Supporting your employee’s health and safety in the workplace is more than physical safety, mental health and wellbeing is just as important. In the UK, 1 in 7 people are likely to experience mental health problems in the workplace and for those who work alone, this figure is much higher with 64% of lone workers facing psychological distress.Supporting and managing mental health is the workplace is extremely important for both employers and employees. Poor mental health can cause depression and anxiety, affecting self-esteem, confidence and performance.

During Covid-19, it’s especially important to have an open dialogue within your organisation regarding mental health. With many staff experiencing new routines working from home for the first time and feelings of anxiety building due to uncertainty, supporting your colleagues mental and physical health should be a top priority.

Tips for Managers

One of the most important tools to support positive mental wellbeing in the workplace is to actively encourage open communication. Having regular dialogue with your team allows lone workers to express their emotions with insight to the challenges they are facing in their role. Open communication allows you to regularly review how their role is going, what is working well and what may need tweaked.

To encourage open communication in your organisation, you can schedule in regular catchups, team meetings and even introduce corporate team-building activities and outings to build trust, engagement and a positive workplace culture. Having a company intranet and internal communications through monthly newsletters is also a great way to communicate positively with employees across your organisation.

Tips for Lone Workers

Working in isolation can make lone workers feel distanced and isolated from the company they work for, even if they have a great time in their role. It’s important for lone workers to regularly catchup with other colleagues and build positive working relationships.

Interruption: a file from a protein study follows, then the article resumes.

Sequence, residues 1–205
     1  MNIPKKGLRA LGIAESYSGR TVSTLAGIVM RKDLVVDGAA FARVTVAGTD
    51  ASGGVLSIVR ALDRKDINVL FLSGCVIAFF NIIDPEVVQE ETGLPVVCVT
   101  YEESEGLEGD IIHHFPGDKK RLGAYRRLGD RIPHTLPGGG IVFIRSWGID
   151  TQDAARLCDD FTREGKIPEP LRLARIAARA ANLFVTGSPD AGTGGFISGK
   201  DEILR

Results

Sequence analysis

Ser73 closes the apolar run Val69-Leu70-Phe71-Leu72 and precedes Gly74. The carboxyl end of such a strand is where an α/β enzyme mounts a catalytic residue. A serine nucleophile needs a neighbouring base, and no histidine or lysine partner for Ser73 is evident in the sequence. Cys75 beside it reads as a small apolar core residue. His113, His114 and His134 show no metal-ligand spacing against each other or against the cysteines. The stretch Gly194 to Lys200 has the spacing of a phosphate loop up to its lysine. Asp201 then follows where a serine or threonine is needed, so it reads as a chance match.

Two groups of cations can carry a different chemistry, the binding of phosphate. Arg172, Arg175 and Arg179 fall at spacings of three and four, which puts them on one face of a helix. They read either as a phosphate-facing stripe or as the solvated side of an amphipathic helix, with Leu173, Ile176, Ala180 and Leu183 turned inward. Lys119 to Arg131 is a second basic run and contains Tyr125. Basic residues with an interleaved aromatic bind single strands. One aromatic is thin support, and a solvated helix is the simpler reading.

If you are having a hard time at work and dealing with mental health problems, it’s important to communicate your feelings to your line manager or other colleagues. In a study by Mind – the mental health charity, it was found that 47% of workers experienced a mental health issue in their current role and 50% of study participants did not tell anyone. Remember, reporting mental health is the same as reporting a physical injury and should be treated the same way by your employer.

Tips for Managers

Whilst managing the safety of your employees, it’s important to recognise any foreseeable risks that may occur as they perform their role. Foreseeable risk involves danger which a reasonable person should anticipate as the result from their actions. From a manager’s perspective, this involves understanding the physical and phycological risks employees may face from performing their role.

To manage foreseeable risks, it’s important to conduct regular risk assessments. A risk assessment will identify a range of risk scenarios and factors that could impact both physical and mental health. By identifying these risks, measures can be put in place to minimise harm including mental health support and counselling, especially for front line workers who may face violence, abuse and harm.

Tips for Lone Workers

Working alone can be unpredictable and can lead to unexpected harm – both mentally and physically. As a lone worker, it is important for you to work with your manager on identifying foreseeable risks that may impact you whilst you work.

Having a collaborative approach whilst conducting regular risk assessments provides you and your manager a broader oversight of the challenges you may be presented with in your role, allowing you to discuss measures that could be implemented to support you – including mental health support.

Tips for Managers

To manage mental health within the workplace, it is important to encourage a healthy work-life balance. A work-life balance is an important aspect of a healthy work environment – it helps to reduce levels of stress and burnout and further supports your working day to be more productive and positive.

To encourage a healthy work-life balance, your organisation should consider flexible working options including flexitime and working from home. During Covid-19, let your employees know that their wellness is always a priority, especially throughout this stressful period – you can do this by encouraging more exercise, regular breaks and by having open conversations with your team.

If flexible hours are not an option, it is important to encourage employees to switch off as much as possible when they leave work. Tasks should never be worked on outside of your working hours and emails can always wait until the next morning!